Cornwall Council has moved a self-described Gypsy, who has been living in a double-decker bus on a Falmouth street for four years.

Neil Wainwright has now set up home on land owned by the council in Cornwall. We have agreed not to publish the location, at the request of the council.

The bus had been parked in Glasney Road in Old Hill, Falmouth, since 2019 after Mr Wainwright refused to move into a two-bedroom council house that was allotted to him on the street.

Residents of the area have continually complained about the bus’ presence. They also had safety concerns as Mr Wainwright was feeding electrical cables into the bus from his house.

As reported by the Packet on Sunday, the bus was towed away at the weekend.

FULL STORY HERE: Bus finally removed from residential street four years after owner first moved in

Cllr Jayne Kirkham took to her Facebook page to apologise to Falmouth residents that it had taken so long to move Mr Wainwright’s bus. She said: “The Glasney bus has gone! Finally. After a lot of sorting by an awful lot of people and this pushy councillor. Sorry it took so long to resolve a situation that was very difficult for everyone involved.”

Falmouth Packet: Neil Wainwright in the living room of his bus (Image: Lee Trewhela/LDRS)Neil Wainwright in the living room of his bus (Image: Lee Trewhela/LDRS)

Another Cornwall councillor said she had already stopped the council moving Mr Wainwright and his bus onto the multi-million-pound Langarth Garden Village development on the outskirts of Truro.

Cllr Dulcie Tudor told us: “In May I was told by the council’s strategic director of sustainable growth and development and the strategic director of care and wellbeing that a decision had been made to provide a site for Mr Wainwright and his bus within the Langarth Garden Village development area.

“After making my concerns known to the leader of the council a decision was made to send him elsewhere. 

“I must say I am at a loss to understand why such an awful lot of time, resource and taxpayers’ money has been spent on this individual who refuses to live either on one the council’s costly travellers’ sites or in the council house which was provided for him in Falmouth for the last four years.”

Neil Wainwright\s bus is adorned with a Hogwarts Express banner (Pic: Lee Trewhela / LDRS)

Neil Wainwright\'s bus is adorned with a Hogwarts Express banner (Pic: Lee Trewhela / LDRS)

I visited Mr Wainwright at his new home on Monday morning. 

He’s raised the floor in the bus to provide storage, has decorated it throughout with Spider-Man and comic book decor – “because I’m a superhero, ain’t I” – and installed a shower unit, 600-litre freshwater tank, 600-litre waste unit and a fridge on the lower deck, while the upper deck is his living quarters with a bedroom, toilet and ‘living room’ complete with TV. A tube from a large gas canister outside leads into the bus.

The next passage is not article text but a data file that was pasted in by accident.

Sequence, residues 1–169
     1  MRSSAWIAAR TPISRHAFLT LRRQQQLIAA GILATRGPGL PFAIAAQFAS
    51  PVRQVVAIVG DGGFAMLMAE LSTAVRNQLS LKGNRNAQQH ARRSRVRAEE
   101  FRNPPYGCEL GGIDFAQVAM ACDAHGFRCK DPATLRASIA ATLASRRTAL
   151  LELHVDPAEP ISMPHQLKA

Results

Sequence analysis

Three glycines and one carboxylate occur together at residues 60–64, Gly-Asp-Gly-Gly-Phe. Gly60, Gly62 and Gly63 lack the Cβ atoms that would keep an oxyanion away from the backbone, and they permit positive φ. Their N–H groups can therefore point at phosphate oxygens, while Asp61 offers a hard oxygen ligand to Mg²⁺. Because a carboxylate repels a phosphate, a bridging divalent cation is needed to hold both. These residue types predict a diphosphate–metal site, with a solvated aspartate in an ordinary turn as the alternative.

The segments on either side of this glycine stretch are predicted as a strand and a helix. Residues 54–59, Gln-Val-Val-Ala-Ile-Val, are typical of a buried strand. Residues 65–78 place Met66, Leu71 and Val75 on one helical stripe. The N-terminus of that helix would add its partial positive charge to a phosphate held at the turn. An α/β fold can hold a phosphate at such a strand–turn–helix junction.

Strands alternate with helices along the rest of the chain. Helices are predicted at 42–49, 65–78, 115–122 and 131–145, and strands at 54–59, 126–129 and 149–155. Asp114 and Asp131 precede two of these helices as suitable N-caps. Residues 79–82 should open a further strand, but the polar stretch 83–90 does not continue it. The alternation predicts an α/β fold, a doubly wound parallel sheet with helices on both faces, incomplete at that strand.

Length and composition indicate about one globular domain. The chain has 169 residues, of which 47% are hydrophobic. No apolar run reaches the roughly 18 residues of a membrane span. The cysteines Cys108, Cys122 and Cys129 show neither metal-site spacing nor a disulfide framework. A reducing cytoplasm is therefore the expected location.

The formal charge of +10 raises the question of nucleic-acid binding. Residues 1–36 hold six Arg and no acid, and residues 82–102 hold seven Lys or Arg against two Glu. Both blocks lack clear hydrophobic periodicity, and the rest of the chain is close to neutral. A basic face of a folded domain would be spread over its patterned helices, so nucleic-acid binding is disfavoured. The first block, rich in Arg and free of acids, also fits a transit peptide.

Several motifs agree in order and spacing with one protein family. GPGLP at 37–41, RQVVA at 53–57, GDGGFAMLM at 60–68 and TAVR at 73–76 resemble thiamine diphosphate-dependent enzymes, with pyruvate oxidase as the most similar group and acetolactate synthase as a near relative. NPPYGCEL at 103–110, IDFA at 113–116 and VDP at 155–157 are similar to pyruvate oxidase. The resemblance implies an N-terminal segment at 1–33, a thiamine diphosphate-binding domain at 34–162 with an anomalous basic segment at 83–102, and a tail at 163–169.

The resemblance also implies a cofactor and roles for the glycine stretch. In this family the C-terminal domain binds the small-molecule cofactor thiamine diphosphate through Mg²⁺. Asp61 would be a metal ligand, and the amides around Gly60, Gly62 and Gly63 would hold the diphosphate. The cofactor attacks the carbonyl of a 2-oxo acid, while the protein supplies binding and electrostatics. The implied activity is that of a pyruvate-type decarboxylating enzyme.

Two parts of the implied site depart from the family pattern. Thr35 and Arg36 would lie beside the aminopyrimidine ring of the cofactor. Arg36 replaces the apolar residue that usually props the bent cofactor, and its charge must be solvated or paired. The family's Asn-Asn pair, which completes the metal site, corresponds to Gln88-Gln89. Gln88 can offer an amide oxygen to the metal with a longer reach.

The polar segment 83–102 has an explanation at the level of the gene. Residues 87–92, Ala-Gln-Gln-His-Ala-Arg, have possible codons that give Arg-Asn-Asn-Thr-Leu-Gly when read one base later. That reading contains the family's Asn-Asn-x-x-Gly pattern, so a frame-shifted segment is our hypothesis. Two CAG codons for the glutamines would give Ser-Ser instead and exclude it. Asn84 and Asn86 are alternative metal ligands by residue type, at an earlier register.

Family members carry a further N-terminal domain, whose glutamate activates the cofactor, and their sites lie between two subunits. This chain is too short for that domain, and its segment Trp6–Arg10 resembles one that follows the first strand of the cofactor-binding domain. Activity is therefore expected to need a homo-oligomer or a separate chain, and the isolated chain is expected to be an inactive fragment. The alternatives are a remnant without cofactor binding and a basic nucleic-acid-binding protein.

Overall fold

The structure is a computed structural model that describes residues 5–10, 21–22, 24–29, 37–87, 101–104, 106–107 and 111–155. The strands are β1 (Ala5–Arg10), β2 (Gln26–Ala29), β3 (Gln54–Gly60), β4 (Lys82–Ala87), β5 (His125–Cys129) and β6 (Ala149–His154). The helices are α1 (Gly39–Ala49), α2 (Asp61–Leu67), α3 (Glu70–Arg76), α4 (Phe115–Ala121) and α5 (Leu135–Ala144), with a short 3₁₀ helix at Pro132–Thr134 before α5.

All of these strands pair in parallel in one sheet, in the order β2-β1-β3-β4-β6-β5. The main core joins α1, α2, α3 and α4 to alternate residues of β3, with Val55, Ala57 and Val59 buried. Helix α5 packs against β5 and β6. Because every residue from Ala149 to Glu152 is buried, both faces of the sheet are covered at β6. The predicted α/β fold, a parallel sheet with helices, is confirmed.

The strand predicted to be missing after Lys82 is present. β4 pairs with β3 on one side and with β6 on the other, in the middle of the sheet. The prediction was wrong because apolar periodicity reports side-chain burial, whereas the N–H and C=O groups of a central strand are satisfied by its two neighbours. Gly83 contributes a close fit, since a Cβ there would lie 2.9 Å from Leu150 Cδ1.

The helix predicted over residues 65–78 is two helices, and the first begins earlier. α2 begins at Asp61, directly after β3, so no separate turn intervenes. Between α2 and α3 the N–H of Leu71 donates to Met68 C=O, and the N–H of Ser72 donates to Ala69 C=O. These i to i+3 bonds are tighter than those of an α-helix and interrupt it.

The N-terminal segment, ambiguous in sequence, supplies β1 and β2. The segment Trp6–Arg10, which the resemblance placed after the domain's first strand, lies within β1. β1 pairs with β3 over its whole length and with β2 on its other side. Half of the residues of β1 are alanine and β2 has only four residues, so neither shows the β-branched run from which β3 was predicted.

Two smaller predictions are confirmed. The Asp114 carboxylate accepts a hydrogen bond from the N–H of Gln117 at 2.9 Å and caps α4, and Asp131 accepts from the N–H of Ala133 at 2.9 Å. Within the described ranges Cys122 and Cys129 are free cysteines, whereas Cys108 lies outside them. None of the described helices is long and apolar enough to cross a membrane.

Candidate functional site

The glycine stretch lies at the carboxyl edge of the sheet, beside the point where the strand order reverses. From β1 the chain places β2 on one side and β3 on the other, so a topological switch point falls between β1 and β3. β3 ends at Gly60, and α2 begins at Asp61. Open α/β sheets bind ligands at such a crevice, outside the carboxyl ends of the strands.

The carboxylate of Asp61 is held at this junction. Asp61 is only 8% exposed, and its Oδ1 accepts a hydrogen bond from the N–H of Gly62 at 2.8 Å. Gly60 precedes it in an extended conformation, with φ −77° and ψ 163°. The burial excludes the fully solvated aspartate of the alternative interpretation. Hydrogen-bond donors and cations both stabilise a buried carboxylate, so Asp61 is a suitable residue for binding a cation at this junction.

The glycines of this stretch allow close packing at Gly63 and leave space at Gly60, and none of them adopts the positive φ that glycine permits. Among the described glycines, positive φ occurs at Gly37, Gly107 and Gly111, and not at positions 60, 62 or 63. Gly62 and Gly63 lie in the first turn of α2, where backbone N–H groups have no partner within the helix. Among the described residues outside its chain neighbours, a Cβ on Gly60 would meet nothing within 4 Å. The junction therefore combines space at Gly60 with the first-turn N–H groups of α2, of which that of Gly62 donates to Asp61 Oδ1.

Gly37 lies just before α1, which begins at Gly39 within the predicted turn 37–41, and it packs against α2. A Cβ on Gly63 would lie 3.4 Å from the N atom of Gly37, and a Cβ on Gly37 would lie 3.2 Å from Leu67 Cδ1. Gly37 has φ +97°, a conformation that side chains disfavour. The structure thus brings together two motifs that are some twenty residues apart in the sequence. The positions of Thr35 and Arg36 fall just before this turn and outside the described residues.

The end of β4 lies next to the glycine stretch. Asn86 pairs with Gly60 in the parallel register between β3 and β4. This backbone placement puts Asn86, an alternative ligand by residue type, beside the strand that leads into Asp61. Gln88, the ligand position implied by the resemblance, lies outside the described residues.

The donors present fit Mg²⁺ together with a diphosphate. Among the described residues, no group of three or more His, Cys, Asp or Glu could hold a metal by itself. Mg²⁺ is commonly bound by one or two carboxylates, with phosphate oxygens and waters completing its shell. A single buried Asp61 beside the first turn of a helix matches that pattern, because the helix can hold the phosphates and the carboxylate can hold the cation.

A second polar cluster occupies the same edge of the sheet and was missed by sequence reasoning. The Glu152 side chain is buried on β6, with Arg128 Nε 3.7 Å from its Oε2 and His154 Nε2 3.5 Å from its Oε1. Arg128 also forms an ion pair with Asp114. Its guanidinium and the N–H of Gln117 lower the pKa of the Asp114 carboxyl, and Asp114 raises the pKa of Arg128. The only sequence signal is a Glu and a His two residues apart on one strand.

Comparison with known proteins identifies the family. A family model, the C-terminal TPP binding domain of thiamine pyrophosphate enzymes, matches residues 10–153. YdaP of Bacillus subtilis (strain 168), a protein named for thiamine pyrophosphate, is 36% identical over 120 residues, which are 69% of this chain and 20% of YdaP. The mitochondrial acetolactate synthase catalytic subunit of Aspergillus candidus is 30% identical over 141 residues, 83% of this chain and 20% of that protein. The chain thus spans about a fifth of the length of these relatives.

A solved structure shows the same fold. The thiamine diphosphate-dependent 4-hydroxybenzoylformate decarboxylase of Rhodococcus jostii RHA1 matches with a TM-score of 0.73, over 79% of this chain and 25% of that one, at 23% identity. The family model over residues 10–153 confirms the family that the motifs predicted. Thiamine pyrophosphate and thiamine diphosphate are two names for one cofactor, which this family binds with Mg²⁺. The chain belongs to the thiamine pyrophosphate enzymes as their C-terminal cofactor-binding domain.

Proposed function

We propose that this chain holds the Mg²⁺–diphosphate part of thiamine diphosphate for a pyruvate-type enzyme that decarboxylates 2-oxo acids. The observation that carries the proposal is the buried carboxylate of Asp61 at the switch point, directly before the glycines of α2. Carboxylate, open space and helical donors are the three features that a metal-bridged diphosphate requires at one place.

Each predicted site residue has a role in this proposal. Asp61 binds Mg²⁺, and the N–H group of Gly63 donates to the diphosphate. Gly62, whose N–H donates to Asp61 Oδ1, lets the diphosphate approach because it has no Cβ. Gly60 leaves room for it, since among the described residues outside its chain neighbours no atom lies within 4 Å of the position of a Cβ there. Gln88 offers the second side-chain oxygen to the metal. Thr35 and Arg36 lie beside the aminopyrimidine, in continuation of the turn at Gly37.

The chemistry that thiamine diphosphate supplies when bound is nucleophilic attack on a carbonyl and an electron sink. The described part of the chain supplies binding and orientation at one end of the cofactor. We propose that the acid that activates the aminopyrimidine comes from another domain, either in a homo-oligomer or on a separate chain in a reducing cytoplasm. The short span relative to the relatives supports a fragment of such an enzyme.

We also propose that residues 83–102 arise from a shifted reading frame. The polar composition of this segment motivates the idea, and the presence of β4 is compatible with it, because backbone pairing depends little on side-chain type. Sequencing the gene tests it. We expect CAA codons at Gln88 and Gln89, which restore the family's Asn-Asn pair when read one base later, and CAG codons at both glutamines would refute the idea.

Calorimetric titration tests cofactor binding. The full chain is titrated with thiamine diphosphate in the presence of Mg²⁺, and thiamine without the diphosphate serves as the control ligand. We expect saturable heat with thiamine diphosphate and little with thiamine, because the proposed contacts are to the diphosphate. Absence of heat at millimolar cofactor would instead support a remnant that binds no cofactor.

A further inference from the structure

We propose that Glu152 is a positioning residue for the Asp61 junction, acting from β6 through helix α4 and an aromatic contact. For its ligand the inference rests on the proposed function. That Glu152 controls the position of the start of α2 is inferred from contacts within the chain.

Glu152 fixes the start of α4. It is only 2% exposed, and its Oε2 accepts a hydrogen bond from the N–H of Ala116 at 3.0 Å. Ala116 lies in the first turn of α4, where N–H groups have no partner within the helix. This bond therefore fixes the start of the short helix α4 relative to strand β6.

Neil Wainwright in the living room area of his bus (Pic: Lee Trewhela / LDRS)

Neil Wainwright in the living room area of his bus (Pic: Lee Trewhela / LDRS)

Mr Wainwright said: “I’m quite happy here as long as they make it level as I’ve just come from a hill.”

I asked him what he would say to people who believe he should have moved into his council house instead of living in a bus parked outside it. “It ain’t moving... I couldn’t live in a house because they don’t move. Unless it moves, I don’t feel safe.

“I’m a Gypsy. My name’s Wainwright. It means wagon maker, so I follow in my family name’s footsteps. I’ve been building wagons now for more than 35 years.”

The bedroom area on the top deck of Neil Wainwright\s bus (Pic: Lee Trewhela / LDRS)

The bedroom area on the top deck of Neil Wainwright\'s bus (Pic: Lee Trewhela / LDRS)

Did the council buy the bus for him? “Effectively, yes,” he told me, adding that he bought the double-decker using £24,000 compensation awarded to him after the council moved his previous ‘wagon’ from Wheal Kitty in St Agnes to a storage unit at Newquay Airport, where it deteriorated and “everything I’d built was destroyed”.

Mr Wainwright says that he has been fighting for years for Cornwall Council to provide him and other Gypsies with a suitable site. The local authority owns three residential Gypsy and Traveller sites in Cornwall at Boscarn Parc, Tregojorran at Pool, Wheal Jewel, St Day and Foredown Parc, Pensilva. He says these are unsuitable for his needs.

A spokesperson for Cornwall Council said: “As with any individual that we have a duty of care for, we have to take each case on its merits and find a solution based on the facts of the case.

"Our priority is to provide a place of safety, balancing the needs of the individual and local community.”